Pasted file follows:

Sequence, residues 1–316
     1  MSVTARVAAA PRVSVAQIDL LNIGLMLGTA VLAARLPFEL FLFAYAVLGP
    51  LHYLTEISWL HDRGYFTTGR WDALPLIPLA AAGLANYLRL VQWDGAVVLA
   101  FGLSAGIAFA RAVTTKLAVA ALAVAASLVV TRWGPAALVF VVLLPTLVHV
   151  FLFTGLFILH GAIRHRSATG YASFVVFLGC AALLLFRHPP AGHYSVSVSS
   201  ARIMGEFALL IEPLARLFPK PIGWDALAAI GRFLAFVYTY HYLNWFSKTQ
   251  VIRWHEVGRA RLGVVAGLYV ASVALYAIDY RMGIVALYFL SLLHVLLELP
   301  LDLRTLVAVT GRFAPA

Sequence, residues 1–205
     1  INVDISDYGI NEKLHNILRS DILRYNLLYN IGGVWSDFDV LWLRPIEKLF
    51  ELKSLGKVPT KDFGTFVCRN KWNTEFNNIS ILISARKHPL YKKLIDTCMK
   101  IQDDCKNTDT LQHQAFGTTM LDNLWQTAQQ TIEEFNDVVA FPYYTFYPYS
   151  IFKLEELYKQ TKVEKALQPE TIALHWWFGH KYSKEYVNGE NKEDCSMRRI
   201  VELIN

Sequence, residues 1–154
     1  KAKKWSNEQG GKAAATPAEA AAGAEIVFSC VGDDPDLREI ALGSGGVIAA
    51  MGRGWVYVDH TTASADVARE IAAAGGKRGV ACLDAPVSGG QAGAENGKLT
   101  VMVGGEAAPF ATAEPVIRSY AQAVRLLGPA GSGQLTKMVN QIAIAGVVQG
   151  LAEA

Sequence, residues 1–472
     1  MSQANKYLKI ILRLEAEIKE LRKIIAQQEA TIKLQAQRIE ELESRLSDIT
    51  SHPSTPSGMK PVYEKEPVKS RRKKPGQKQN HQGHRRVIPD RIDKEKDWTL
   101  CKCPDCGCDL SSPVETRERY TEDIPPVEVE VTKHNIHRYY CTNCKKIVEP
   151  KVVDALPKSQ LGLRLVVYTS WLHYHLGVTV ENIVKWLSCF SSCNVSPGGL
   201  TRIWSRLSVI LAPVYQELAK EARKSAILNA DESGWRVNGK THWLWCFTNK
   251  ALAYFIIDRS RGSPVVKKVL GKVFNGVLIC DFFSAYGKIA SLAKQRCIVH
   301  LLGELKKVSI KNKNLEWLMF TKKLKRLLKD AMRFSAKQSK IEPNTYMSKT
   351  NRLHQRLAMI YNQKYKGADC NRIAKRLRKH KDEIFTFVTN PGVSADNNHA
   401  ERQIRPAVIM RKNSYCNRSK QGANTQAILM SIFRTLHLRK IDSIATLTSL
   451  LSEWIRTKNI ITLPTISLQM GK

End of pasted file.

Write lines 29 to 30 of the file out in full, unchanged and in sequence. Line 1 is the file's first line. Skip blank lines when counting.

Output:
   401  ERQIRPAVIM RKNSYCNRSK QGANTQAILM SIFRTLHLRK IDSIATLTSL
   451  LSEWIRTKNI ITLPTISLQM GK